India’s ONGC Limited poised to become major international player
India’s Petroleum Ministry has forecast an estimated 75% increase in natural gas production over the next five years, according to a Mining Weekly article. Currently, India’s gas production is around 100 million standard cubic meters a day, but India’s Petroleum Ministry expects to be producing between 163 million and 175 million standard cubic meters a day over the next five years.
The Petroleum Ministry expects national E&P major ONGC Limited (ticker: ONGC) to account for the bulk of the higher output, reports Mining Weekly. The company is boosting production from 24 billion cubic meters in the current year to 35 billion cubic meters by 2019 through the development of its new blocks, including Daman offshore western India, and commissioning of blocks KG-98/2 in the Krishna Godavar basin.
This comes after news in October that ONGC was looking to begin a “global acquisition spree.” Financial Times reported that ONGC hoped to take on Chinese rivals and drive foreign production up sevenfold by 2030 through a Rs11tn ($180 billion) investment plan.
ONGC has historically been viewed as a conservative, midsized global energy player, but there has been a shift in recent years to a more aggressive strategy. Following the launch of an investment plan known as “Perspective 2030,” ONGC has invested about $7 billion since mid-2013 to acquire foreign assets in countries such as Mozambique and Brazil.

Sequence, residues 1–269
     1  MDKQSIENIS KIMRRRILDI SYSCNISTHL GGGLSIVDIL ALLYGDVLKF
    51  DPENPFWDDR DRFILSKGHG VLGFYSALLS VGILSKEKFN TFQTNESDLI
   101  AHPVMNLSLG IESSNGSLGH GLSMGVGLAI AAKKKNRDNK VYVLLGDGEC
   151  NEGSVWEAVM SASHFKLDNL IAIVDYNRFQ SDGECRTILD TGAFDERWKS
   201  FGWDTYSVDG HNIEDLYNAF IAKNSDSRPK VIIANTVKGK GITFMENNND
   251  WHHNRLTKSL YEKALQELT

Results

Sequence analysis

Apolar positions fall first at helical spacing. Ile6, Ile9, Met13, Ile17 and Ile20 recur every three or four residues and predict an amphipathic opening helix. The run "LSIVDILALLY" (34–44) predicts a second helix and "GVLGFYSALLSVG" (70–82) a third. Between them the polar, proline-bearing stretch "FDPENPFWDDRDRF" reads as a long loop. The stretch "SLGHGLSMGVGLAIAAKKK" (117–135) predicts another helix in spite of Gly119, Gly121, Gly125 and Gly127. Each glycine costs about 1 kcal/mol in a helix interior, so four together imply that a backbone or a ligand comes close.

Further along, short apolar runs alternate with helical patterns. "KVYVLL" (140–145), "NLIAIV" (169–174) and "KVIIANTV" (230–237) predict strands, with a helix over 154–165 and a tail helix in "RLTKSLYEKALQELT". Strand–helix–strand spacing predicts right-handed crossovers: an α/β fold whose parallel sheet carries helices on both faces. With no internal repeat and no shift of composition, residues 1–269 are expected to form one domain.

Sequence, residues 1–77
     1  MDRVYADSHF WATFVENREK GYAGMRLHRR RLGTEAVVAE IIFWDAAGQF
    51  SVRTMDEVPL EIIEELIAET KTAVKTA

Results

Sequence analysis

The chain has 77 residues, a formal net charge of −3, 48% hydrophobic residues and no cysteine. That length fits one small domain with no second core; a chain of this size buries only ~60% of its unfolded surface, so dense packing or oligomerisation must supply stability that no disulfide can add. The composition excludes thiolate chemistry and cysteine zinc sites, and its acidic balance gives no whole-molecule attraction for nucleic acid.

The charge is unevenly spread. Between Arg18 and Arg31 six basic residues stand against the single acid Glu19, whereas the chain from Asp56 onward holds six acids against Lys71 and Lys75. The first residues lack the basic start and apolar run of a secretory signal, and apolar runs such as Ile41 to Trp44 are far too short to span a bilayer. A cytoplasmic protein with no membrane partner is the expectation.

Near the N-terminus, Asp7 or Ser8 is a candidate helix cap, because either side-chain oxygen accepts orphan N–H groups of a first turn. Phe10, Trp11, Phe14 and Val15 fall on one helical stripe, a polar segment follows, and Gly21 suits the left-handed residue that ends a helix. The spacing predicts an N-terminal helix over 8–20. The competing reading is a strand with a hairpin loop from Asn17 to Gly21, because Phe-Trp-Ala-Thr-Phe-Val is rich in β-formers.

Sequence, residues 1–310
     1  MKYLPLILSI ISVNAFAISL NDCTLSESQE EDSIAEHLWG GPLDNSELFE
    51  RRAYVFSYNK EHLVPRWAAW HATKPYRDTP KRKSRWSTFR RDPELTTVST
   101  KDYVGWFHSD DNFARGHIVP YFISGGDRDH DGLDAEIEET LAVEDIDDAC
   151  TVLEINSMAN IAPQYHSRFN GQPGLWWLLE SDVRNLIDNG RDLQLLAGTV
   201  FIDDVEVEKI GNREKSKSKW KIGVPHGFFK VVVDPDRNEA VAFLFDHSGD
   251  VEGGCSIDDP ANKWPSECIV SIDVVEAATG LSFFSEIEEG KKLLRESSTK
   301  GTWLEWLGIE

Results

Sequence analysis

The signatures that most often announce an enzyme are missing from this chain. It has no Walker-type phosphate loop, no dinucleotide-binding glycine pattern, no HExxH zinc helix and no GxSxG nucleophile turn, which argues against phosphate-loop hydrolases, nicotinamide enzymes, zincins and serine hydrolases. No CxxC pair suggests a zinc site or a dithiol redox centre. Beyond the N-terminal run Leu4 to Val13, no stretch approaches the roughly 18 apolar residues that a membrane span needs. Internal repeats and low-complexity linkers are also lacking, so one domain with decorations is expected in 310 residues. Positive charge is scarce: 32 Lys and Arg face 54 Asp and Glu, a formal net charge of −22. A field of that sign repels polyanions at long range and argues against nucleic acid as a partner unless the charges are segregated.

India is set to overtake China as the largest source of growth in global oil demand by 2020, according to the International Energy Agency. Almost all of this increase will be met via imports, given India’s limited domestic production. ONGC generated revenues of Rs1.8tn ($2 billion) during its recent fiscal year, up 7% from the previous year, but has struggled to raise overall production levels. ONGC is ranked as the top energy company in India, fifth in Asia and 21st globally, as per Platts Top 250 Global Energy Rankings, and is the third ranked E&P company in the world. They operate in Mumbai, Baroda in western India, Nazira in eastern India, Chennai in the south and Kolkata in central India.
Last month, the Indian government announced it would deregulate diesel prices, which Moody’s Investors Service says is a “credit positive” step, according to Reuters. New Delhi Television Limited (NDTV) reported that Raghuram Rajan, Governor of the Reserve Bank of India, had advised the Narendra Modi government to deregulate diesel prices while global oil prices were low.
At an energy finance meeting in Denver yesterday, Jeremy Friesen, executive director of Morgan Stanley’s Commodity Trading Group, told attendees that he sees significant growth coming from India in the next few years. “India is where China was a decade ago.”
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